The History of Marijuana in South Dakota

South Dakota has a history with marijuana that dates back to 1933 when the state first banned all forms of the drug. During this time, the United States began introducing numerous marijuana prohibition laws because fear of the psychotic effects of the drug continued to increase as more Mexicans migrated to the country. South Dakota joined other states in banning marijuana after hearing these stories of the drug’s dangerous effects. There wasn’t much public discussion in the state regarding the drug again until South Dakota introduced another cannabis legislation in 1977.

In 1977, the state decriminalized up to a pound of marijuana during the short-lived wave of decriminalization laws across the United States. This cannabis law didn’t last long in South Dakota though because the decision was almost immediately repealed. The state didn’t introduce another marijuana reform legislation until 2006, when the South Dakota Medical Marijuana Initiative was defeated. If the law had passed, it would have provided patients, including minors, with qualifying conditions to be certified to grow, possess, and use for medical purposes. Now, the Senate just passed legislation removing CBD from the definition of marijuana, making it legal to use with FDA approval. So South Dakota is certainly moving forward with marijuana reform.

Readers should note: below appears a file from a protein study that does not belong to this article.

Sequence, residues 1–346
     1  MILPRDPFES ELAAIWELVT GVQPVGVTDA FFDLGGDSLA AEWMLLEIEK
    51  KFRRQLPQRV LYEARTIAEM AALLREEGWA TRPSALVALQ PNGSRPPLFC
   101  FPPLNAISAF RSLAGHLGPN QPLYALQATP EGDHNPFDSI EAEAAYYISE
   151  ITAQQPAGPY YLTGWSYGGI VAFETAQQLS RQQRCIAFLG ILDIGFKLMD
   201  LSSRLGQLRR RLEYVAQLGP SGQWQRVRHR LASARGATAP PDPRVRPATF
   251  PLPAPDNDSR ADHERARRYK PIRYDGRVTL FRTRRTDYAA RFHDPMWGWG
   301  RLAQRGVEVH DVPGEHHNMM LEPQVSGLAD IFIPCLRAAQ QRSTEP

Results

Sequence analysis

It’s no secret that my husband and I are longtime cannabis and hemp advocates. We’ve cheered as the majority of Americans have come around to supporting legalization, and applauded as cannabis law reform spreads from state to state. Still, decades of prohibitionist propaganda have left many in the dark about the powerful wellness potential of these long-demonized plants.

Can we see some ID please?

You must be 19 years of age or older to enter.